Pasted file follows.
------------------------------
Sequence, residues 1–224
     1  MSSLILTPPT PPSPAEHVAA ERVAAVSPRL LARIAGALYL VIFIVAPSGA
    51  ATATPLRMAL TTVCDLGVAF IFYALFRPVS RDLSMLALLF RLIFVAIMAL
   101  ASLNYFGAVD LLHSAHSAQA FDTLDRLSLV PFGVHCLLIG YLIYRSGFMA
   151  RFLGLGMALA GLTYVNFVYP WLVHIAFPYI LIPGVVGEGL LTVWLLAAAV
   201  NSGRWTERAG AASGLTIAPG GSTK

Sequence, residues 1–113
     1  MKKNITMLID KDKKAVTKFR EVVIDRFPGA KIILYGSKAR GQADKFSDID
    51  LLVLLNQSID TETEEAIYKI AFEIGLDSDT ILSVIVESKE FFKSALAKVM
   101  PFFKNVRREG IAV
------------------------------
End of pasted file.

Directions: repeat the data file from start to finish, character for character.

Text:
Sequence, residues 1–224
     1  MSSLILTPPT PPSPAEHVAA ERVAAVSPRL LARIAGALYL VIFIVAPSGA
    51  ATATPLRMAL TTVCDLGVAF IFYALFRPVS RDLSMLALLF RLIFVAIMAL
   101  ASLNYFGAVD LLHSAHSAQA FDTLDRLSLV PFGVHCLLIG YLIYRSGFMA
   151  RFLGLGMALA GLTYVNFVYP WLVHIAFPYI LIPGVVGEGL LTVWLLAAAV
   201  NSGRWTERAG AASGLTIAPG GSTK

Sequence, residues 1–113
     1  MKKNITMLID KDKKAVTKFR EVVIDRFPGA KIILYGSKAR GQADKFSDID
    51  LLVLLNQSID TETEEAIYKI AFEIGLDSDT ILSVIVESKE FFKSALAKVM
   101  PFFKNVRREG IAV